Date of Graduation


Document Type

UAF Access Only - Thesis

Degree Name

Bachelor of Science in Chemical Engineering

Degree Level



Chemical Engineering


Michael D. Ackerson


Hydraulic fracturing operations produce large amounts of produced water which is generally disposed of in deep-injection wells. A treatment process was designed to process this water into a clean brine that is suitable for reuse within hydraulic fracturing operations, and to prevent the potential contamination of groundwater and increased seismic activity, a concern associated with deep well injection. Sand filtration and coagulation/flocculation with DAF are both used in water treatment to remove solids and other impurities. These were both tested experimentally to determine if they are capable of treating large amounts of produced water with minimal costs. Coagulation/flocculation with a DAF unit was more effective at creating a clean brine that could be reused in hydraulic fracturing than the sand filtration. The designed bench apparatus produced a clean brine with a turbidity of 5.8 NTU and 0.42 mg/L of total organic carbon compared with specifications in the task statement of 25 NTU and 30 mg/L. A treatment process was developed with this technology that will process 20,000 bbl/day of produced water, with the ability to be scaled up to 100,000 bbl/day, with a fixed capital investment (FCI) of $3.2 million and an annual operating cost of $2.02/m3 of produced water treated.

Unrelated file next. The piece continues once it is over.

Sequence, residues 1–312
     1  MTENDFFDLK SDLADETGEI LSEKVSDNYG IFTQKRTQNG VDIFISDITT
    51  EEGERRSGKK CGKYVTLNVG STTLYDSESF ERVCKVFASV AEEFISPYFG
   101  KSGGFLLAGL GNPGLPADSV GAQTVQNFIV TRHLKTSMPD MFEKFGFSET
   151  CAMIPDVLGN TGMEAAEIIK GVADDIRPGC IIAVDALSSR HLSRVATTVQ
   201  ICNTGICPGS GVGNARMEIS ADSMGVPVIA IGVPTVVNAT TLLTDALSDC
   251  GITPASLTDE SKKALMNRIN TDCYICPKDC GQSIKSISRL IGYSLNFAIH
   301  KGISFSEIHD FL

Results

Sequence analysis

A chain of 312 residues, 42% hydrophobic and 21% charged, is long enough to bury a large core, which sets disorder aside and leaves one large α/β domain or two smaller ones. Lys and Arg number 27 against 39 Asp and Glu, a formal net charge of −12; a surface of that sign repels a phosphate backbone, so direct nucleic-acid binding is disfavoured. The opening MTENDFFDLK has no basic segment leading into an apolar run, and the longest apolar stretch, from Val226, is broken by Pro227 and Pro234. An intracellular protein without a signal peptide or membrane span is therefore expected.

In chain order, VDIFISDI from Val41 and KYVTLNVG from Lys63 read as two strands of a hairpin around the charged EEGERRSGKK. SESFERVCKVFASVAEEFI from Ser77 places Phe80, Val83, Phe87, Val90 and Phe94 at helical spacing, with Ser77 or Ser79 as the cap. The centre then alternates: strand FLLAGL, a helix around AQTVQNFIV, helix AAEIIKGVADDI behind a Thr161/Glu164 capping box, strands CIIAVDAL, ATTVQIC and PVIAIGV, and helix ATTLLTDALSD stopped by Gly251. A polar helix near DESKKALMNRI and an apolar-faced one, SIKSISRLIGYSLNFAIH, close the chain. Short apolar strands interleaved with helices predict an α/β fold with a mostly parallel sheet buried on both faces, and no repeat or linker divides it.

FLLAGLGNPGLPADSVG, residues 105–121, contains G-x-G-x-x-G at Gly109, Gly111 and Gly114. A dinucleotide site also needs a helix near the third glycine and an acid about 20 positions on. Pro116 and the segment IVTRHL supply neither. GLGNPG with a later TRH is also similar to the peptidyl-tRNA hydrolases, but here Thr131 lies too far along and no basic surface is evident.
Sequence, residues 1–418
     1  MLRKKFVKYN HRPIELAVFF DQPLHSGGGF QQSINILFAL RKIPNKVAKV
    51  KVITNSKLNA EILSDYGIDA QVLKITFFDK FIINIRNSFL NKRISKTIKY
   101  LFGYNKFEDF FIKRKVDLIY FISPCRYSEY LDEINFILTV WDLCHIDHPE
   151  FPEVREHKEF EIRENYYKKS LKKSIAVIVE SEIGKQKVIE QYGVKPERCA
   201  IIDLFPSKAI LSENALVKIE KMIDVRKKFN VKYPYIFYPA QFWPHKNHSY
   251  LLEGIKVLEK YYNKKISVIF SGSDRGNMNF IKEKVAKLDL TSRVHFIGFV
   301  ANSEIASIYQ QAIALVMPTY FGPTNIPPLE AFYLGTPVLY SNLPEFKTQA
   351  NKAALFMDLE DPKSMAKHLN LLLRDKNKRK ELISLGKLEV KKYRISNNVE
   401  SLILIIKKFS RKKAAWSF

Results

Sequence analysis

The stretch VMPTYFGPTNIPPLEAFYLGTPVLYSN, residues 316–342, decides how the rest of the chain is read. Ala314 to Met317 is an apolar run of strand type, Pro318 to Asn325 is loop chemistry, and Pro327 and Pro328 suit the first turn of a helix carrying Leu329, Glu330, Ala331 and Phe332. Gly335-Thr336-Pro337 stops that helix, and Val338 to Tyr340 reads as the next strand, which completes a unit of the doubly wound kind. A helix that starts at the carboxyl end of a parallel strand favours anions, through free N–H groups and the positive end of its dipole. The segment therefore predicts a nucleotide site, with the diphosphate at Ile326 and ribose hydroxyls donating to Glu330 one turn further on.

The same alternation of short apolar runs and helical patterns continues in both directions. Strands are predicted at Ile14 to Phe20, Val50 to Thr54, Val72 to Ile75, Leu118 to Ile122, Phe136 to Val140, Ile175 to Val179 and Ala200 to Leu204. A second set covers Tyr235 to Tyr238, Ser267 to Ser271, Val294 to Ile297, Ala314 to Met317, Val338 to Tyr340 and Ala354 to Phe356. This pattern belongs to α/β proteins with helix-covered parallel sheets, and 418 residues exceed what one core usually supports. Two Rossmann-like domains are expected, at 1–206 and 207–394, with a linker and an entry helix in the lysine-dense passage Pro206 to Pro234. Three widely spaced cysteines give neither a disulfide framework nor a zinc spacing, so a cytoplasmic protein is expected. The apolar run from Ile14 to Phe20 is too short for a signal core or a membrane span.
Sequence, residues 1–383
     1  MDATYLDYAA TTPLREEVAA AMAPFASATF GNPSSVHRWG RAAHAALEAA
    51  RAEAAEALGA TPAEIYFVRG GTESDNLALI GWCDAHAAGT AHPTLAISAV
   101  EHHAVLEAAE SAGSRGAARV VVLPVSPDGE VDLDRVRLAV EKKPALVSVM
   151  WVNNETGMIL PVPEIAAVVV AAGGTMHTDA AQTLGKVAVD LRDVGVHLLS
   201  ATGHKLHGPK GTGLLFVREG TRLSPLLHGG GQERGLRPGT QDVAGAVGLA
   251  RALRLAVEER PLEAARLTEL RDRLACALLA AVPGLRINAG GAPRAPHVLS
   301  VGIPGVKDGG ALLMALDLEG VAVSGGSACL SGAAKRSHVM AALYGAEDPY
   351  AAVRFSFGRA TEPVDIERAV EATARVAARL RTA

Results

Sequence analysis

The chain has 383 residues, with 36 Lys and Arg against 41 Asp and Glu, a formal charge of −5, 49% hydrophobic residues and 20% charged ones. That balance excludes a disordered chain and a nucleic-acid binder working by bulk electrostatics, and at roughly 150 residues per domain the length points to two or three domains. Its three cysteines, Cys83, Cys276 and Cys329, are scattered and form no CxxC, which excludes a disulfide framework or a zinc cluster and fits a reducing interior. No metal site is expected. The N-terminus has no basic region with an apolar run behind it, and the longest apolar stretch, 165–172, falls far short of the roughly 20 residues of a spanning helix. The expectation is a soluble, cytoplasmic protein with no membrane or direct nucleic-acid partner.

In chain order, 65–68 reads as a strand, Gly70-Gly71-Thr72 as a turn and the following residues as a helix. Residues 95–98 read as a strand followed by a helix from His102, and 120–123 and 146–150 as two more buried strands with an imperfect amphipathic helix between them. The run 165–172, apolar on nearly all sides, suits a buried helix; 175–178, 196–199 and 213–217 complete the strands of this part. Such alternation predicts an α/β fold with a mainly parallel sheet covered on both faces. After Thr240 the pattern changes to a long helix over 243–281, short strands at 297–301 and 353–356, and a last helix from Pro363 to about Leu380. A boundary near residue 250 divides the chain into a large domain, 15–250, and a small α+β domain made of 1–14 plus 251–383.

produced water, coagulation/flocculation, dissolved air floatation (DAF), sand filtration, hydraulic fracturing, service learning